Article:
At that point they realized that my uterus was unresponsive. It had stopped contracting, a condition known as uterine atony. Because of this condition the large blood vessels in my body that fed the placenta were continuing to bleed out. They were giving me pitocin and vigorously massaging my uterus in an attempt to help it begin contracting again. It wasn’t too much longer before I was being whisked away to the operating room. My doctor continued to work on me and they began a blood and plasma transfusion. I was knocked out at that point. I woke up in ICU, intubated. I was told that they got my uterus to contract but had done an ultrasound and saw pockets of fluid in my womb. Not knowing if it were blood (meaning I was still hemorrhaging internally) or just benign fluid they decided to measure the pockets, wait one hour and conduct a second ultrasound. If the second ultrasound’s measurements showed growth then they would need to do a c-section in order to fix the problem. Well, the measurements showed growth so a c-section was performed. Turned out that it was not blood, it was indeed just benign fluid. The surgery wasn’t needed after all, but I am so glad it happened.
While they were in there, two important things were discovered. The first was a uterine rupture, but not from my previous incision site. This rupture was in another location and was believed to be the result of all of the intense massaging that was administered. The second discovery was shoddy work performed during my first c-section. There are 7 layers of abdominal muscles that must be separated when performing a c-section. Apparently my previous doctor did not reattach those muscles when closing me up. Simply put, when my current doctor opened the site from my previous incision the first thing she saw was my womb! She did not have to go through all the muscles that one would normally have to go through. As a result of this “unnecessary” yet much needed surgery, a secondary uterine rupture was fixed and my muscles were reattached.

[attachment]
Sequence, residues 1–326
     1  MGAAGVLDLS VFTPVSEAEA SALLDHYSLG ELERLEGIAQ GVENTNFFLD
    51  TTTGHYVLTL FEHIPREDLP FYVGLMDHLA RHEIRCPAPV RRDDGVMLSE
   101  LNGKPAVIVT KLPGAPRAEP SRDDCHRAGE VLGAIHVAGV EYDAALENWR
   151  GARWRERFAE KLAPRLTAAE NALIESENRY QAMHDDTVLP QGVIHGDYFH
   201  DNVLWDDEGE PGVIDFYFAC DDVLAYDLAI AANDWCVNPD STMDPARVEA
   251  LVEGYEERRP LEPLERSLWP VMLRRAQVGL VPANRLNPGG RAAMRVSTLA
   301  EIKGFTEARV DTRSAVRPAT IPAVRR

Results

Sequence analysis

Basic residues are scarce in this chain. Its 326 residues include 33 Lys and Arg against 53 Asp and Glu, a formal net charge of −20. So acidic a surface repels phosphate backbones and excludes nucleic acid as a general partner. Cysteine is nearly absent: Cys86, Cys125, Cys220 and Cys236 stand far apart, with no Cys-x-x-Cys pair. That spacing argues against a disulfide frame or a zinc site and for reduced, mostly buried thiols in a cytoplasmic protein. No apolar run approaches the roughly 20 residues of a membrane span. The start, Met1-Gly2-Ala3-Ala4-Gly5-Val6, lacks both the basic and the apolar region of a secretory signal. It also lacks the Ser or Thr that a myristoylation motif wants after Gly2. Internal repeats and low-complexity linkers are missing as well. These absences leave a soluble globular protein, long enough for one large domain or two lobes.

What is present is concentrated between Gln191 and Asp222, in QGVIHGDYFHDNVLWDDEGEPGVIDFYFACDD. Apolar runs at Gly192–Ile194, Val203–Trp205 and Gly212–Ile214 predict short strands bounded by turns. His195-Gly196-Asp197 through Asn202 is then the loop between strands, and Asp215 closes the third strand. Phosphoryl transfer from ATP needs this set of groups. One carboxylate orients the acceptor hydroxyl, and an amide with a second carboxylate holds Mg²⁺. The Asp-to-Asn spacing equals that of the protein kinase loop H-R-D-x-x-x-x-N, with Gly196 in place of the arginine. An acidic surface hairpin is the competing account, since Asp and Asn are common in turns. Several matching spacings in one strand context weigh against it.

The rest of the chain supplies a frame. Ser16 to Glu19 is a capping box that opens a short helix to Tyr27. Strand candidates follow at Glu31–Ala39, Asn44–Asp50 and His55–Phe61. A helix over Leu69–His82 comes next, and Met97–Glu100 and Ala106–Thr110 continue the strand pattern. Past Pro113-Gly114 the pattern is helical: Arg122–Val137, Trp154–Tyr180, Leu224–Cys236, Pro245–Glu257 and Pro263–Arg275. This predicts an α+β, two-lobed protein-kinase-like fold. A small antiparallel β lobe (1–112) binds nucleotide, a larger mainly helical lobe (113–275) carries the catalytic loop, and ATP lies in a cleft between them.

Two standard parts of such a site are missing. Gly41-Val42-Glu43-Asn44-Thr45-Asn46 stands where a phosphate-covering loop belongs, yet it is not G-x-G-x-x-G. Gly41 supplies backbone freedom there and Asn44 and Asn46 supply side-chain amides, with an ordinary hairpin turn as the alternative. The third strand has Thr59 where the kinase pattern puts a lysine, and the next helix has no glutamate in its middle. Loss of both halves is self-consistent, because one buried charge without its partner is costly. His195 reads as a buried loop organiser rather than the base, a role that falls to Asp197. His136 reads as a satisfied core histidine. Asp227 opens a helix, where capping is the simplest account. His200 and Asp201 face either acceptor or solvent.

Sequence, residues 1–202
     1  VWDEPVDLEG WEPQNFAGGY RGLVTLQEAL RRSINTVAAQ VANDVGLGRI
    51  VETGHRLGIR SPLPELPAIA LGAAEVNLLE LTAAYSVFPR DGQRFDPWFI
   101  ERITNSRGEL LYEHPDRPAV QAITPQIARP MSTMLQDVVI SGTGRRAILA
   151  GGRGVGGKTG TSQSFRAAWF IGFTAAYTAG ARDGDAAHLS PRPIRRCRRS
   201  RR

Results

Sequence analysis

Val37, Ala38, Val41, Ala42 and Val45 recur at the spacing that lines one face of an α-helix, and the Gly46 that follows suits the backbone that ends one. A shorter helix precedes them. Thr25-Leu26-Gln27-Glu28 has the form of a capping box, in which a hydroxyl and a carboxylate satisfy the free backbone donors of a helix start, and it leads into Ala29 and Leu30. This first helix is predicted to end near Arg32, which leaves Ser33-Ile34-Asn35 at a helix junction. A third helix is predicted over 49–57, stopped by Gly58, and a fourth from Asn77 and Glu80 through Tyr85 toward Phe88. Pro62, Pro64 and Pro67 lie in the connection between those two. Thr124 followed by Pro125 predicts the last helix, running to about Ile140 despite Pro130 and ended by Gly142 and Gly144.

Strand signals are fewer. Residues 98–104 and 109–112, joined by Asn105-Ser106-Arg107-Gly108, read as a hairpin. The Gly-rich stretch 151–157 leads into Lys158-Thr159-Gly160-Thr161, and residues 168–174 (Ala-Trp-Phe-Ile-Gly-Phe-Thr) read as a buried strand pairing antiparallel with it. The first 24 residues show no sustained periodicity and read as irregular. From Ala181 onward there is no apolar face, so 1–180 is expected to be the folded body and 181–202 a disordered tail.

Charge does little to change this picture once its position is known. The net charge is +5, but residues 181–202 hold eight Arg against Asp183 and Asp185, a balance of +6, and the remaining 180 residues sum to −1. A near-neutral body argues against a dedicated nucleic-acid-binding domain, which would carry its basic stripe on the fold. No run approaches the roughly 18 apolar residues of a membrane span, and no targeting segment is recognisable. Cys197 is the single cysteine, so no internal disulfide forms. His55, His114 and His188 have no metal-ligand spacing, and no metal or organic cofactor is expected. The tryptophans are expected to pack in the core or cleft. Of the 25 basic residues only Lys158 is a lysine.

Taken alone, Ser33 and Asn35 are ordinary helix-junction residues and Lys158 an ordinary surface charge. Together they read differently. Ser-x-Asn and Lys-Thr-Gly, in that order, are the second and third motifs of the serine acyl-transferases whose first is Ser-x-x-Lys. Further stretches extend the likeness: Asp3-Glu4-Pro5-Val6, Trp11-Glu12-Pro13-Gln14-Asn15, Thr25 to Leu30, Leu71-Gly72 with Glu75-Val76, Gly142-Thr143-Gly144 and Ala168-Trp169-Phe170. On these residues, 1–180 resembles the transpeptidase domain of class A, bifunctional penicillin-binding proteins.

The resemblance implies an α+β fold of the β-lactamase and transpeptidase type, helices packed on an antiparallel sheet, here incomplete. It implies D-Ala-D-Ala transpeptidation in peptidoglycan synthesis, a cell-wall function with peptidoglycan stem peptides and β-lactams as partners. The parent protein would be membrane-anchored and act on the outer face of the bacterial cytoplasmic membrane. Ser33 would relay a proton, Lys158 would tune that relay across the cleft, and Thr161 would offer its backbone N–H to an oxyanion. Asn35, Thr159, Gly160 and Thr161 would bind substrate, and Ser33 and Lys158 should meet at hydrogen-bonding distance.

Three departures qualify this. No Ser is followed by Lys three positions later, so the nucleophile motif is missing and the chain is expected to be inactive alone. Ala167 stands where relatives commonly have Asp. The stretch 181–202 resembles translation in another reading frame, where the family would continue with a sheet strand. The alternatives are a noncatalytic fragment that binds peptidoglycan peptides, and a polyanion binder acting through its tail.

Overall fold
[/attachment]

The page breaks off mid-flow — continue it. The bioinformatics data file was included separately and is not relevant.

Please let me clarify that what happened to me that day was not due to the fact that I had a previous c-section. All indications point to the likelihood that I had developed preeclampsia during labor. Uterine atony and postpartum hemorrhaging could just as well have taken place during a c-section. Believe me when I say this was a very dramatic experience. In order to keep this story from being entirely too long, I’ve left out several other details of things that took place. But despite all of this, I feel more emotionally whole and restored than I did before, and not just because God said it wasn’t my time to die but because I successfully birthed my child into this world. I experienced that indescribable event.
It’s amazing the difference that mindsets and medical care providers can make (whether it be an OB/GYN or a midwife). Looking back at my first experience, my mindset at that time and my doctor at that time was a combination that lead to an unwanted outcome. Then there was my second experience, my redemption, where I decided to face my fears and arm myself with the necessary knowledge. I sought advice, found a caregiver who supported me on my journey and continued educating myself. I made informed decisions that I believed would lead to an outcome that I desired and it was a success!